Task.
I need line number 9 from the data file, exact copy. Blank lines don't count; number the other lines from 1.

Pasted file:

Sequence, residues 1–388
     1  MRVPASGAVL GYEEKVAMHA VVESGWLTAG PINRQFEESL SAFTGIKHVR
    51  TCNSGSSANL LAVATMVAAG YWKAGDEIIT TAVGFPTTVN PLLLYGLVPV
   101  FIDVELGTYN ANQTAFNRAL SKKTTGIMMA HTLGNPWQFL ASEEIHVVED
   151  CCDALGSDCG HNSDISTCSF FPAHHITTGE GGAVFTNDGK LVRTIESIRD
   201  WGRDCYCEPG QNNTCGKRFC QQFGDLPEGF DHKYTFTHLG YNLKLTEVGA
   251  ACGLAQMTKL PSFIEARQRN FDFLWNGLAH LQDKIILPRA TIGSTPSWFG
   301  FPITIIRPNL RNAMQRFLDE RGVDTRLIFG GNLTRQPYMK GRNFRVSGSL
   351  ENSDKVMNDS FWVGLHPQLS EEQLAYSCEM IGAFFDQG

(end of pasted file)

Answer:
   351  ENSDKVMNDS FWVGLHPQLS EEQLAYSCEM IGAFFDQG